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Payback time: Brady won't seek meal, hotel reimbursement for missed votes
GOP governor nominee routinely missed Senate action
By Timothy Magaw | Daily Herald Staff

Bill Brady speaks at the Republican Gubernatorial candidate forum Wednesday at the Union League Club in Chicago.

 

Bill Zars | Staff Photographer

Gov. Pat Quinn was criticized earlier this year for using taxpayer dollars for campaign purposes when he spent the weeks preceding the heated Democratic primary cutting swathes of ribbons and announcing millions of dollars worth of constructing funding.

 

Associated Press file

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Published: 6/7/2010 12:05 AM

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SPRINGFIELD - Republican nominee for governor Bill Brady routinely missed votes throughout the General Assembly's spring session, and the Bloomington senator now says he won't accept any state mileage, hotel or meal money for those days.

Brady campaign spokeswoman Patty Schuh said it was a "personal decision" Brady had been weighing for some time. Brady's missed votes recently came under scrutiny after a Daily Herald story revealed that he had missed more than 200 votes in the hectic final weeks of the legislative session.

In a letter to Senate staff obtained by the Daily Herald via the Freedom of Information Act, Brady says he doesn't want any reimbursement for "any 2010 Legislative Session Days on which I missed any vote on the Senate floor."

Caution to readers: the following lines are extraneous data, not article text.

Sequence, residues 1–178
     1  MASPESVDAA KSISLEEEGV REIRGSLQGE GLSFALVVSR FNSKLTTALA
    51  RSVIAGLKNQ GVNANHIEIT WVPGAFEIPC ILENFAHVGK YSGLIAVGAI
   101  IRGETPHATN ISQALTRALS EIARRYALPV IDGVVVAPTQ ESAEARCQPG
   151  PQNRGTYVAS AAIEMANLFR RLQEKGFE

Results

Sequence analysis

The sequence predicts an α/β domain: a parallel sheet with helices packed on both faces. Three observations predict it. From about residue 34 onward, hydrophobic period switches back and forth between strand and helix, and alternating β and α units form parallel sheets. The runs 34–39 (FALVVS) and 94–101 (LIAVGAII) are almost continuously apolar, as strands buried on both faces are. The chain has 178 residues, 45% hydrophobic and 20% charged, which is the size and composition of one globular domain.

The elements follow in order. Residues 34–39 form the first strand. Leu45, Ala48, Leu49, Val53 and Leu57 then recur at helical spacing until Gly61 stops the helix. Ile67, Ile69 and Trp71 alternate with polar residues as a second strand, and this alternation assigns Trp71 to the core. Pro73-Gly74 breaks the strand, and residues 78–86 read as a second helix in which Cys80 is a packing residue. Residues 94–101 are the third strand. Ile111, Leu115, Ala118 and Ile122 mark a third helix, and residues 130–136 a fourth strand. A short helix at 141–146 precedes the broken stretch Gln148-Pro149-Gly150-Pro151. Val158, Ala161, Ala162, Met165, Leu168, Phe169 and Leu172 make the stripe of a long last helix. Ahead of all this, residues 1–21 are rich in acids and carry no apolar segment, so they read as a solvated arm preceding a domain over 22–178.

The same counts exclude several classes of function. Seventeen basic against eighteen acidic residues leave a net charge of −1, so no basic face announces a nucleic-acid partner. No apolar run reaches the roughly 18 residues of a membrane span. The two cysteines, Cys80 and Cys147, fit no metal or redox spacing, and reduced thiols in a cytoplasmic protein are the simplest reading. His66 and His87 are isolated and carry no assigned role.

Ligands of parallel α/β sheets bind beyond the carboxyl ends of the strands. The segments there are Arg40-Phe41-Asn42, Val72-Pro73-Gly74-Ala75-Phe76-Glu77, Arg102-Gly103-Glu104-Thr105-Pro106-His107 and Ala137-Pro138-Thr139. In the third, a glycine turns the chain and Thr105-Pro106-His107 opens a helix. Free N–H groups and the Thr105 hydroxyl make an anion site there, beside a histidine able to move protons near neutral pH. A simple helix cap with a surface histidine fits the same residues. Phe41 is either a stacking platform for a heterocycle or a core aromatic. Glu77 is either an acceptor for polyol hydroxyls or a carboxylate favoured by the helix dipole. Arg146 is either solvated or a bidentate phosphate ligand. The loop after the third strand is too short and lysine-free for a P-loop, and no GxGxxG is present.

Upon further review of voting records, the Daily Herald found Brady missed votes on 25 different session days this year - most of which occurred after he was named the Republican nominee in March. The Senate has been in session 43 days so far this year, though on some days no votes were taken.

Lawmakers get $139 each session day to help cover housing and meals in Springfield. Brady's missed votes could cost him $3,475 in expense checks.

When asked, Brady's campaign was unaware of how many days he'd missed votes and said Brady had directed state Senate staff to compile the information. "The onus is now on them," Schuh said.

Brady makes more than $78,000 annually as a state senator. Meal and housing money, along with mileage reimbursements, are in addition to the state salary.

The state's current backlog of unpaid bills is more than $6 billion, and therefore lawmakers - like everyone else doing business with the state - still haven't received their travel checks for the spring session. Lawmakers last received expense checks in early May, but those were for session days last October.

Schuh said Brady's decision to forgo expense reimbursements shouldn't be seen as an admission the senator hasn't fulfilled his duties as an elected official. She noted that casting votes is only part of Brady's job as a senator, and he's still working on behalf of his constituents.

"In order to run a credible campaign for governor, you have to be on the trail," Schuh said.

But Paul Green, a political science professor at Roosevelt University, said voting is the most important part of being a lawmaker.

"You get elected to vote on issues," he said. "There are only 59 senators who can vote. There are a lot of people who can give speeches."

Lawmakers recently voted to cut their travel allowance for housing and meals to $111. Additionally, they moved to reduce their mileage reimbursement - currently 50 cents per mile - to 39 cents. Lawmakers and state officials also would take a dozen furlough days and lose a cost-of-living raise.

Meanwhile, Brady's Democratic rival, Gov. Pat Quinn, was criticized earlier this year for using taxpayer dollars for campaign purposes when he spent the weeks preceding the heated Democratic primary cutting swathes of ribbons and announcing millions of dollars worth of constructing funding. After the primary, Quinn didn't make a public appearance for more than two weeks.

Heading into the general election, Quinn could once again arm himself with the state's $31 billion construction program, supplying a near endless schedule of ribbon cutting and funding announcements through key campaign months.